Lunchtime is normally time for a walk for Iain and Paul, “I take him down to the canal for a quick spin where we will usually bump into another couple of doggies,” notes Iain. “I work for a Danish company and everyone eating together is very important, so we try and include Paul in that and all eat at the same time. He’ll snaffle down a bowl of food and then it’s time to do some playing.”

“Paul is a lot more active in the afternoon, we have quite a lot of appointments that come and visit us in the office so there is always someone to throw a ball for him,” says Iain. “Usually around 3pm we’ll go out for another walk and a wee. Usually by this point he’s played out – he’ll often go and grab a chew and take himself off for some ‘Paul time’ – he will happily spend a good hour chomping on a moon bone!”

Paul’s impact on the work environment

Office dog Paul the Lakeland Terrier stands looking at something while his owner sits in the background

At Rains, Paul is a very popular member of the Team. “Probably more popular than me. When I first started, I was ‘the guy with the cute dog’,” laughs Iain. “He brings a positive and calming atmosphere to the office. It is a lot harder to get stressed when you have a dog curled up on your lap. I think Paul is a trail blazer in this area, he is the company’s first dog but has received high praise so far. He has had sleep overs at a few of my colleagues’ houses whilst we have been away so I guess they like having him around! And walking a dog is an incredible stress relief so can only be beneficial to have him around in the office.”

As a showroom, Rains’ London office often gets clients visiting the space. “He’s a great ice-breaker,” adds Iain, “when clients come for the first time to this space and also find we have a dog, it’s like stepping into someone’s home, he takes the formality out of situations just by trotting around and being himself.”

Office dog waits behind a door for going home

Funnily enough, as I see Paul behaving so well at Rains, being so quiet and happy, Hannah explains to me that she can’t take him to her workplace in Central London because he causes too much mischief. “He can be a massive pain in the arse [there]! He sees Hannah’s office as a place to play because when he was a puppy that’s all her colleagues did with him, so when he goes there he doesn’t settle,” says Iain.

It seems that Paul has a well-oiled routine at the Rains office. Early on, he had a few teething problems, mainly around barking, recalls Iain. “I think that this was caused more by the change of being in a new space – different noises, smells, people. We got a dog trainer to help calm him down which really helped… although we still haven’t mastered how to get him to stop barking at the door bell!”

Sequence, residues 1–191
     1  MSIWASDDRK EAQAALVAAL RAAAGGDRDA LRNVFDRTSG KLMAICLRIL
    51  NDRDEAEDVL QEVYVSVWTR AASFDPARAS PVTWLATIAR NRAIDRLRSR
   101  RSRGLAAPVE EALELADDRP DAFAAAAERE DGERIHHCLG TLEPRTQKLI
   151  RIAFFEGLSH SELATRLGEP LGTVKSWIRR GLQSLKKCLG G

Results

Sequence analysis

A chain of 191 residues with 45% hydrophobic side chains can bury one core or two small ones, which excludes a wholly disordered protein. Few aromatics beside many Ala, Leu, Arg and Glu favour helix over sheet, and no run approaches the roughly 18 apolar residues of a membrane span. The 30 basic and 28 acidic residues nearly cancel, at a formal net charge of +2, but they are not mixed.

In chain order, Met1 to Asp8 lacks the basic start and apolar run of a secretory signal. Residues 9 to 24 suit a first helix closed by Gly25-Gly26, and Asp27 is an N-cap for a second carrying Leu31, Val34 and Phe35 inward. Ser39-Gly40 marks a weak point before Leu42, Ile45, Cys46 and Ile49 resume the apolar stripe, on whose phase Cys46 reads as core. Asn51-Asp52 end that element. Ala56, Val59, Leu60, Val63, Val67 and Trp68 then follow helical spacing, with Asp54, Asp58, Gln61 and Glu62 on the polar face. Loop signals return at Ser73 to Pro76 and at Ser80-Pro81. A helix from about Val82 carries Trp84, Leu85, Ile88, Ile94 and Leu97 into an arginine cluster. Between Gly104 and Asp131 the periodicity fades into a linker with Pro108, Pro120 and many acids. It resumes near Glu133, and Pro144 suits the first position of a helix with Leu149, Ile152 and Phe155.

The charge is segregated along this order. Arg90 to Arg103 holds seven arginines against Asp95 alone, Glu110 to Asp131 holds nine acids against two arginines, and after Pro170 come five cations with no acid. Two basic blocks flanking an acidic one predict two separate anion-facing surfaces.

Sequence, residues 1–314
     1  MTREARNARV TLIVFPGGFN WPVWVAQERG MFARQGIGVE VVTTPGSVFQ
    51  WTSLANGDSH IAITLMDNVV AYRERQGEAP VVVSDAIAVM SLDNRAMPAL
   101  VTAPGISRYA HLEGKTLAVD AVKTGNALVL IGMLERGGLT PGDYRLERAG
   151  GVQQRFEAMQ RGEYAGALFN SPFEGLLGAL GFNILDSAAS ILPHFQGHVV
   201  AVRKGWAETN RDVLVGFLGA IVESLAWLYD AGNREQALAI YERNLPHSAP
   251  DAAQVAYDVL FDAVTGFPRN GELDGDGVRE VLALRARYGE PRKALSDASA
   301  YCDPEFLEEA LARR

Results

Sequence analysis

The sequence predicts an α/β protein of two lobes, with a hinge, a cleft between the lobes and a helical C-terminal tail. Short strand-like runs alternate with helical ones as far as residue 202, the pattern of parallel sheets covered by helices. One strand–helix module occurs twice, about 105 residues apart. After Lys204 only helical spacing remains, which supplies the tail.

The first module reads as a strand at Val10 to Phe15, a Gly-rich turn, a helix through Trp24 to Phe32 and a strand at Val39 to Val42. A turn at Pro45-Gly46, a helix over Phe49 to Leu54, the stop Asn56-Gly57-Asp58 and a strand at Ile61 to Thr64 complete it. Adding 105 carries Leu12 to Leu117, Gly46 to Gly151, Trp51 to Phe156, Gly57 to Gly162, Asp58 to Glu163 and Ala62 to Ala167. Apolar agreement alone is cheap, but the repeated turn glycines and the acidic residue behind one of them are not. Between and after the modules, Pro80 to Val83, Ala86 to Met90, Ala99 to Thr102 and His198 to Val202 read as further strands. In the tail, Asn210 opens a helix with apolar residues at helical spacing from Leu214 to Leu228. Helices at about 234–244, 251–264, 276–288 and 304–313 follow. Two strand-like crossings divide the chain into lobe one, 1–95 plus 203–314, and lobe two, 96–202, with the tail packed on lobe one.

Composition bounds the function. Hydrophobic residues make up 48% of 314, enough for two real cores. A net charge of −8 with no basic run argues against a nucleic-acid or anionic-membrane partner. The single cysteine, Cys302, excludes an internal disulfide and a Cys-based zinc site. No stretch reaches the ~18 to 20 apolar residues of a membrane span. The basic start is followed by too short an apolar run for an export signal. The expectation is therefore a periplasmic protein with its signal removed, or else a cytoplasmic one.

Office dog on sofa

After work, Iain and Paul like exploring the area. “Like everywhere, the winter can be pretty dreary, but we are in a great spot nestled between Victoria Park and Queen Elizabeth Park near Hackney Wick. In the summer its really easy to jump into the parks and have a good run around before heading home. For a longer walk we are a stones throw away from Lee River which is a really nice walk along the water,” says Iain.

There are also plenty of choices for dog-friendly places nearby for a drink after work. “Most of the pubs around here are very dog friendly, the Beer Merchants Tap on Wallis Road is a great place to stop if you are in the area, you can grab a complimentary doggy biscuits along with your craft beer!” notes Iain.

office dog on concrete floor

Top Dos and Don’t for office dogs

Talking about dos and don’t for a good office dog environment, Iain gives his tips:

  • DO: “Be patient, ask if your company is happy with you bringing your dog in – you’d be surprised. Everywhere I’ve worked has been happy for me to bring him, invest in good interactive toys, go natural on long lasting chews (Pizzles and Moon bones are Paul’s current favourites), get a dog trainer to come and help you if you need one.”
  • DON’T: “Let your dog boss your work colleagues around and don’t be too embarrassed the first time he does a wee or a poo in your work place – this will inevitably happen especially with younger doggies.”


Stay tuned for tomorrow’s office dog story // read the previous features in the Office Dog Series

s t a y  i n  t h e  l o o p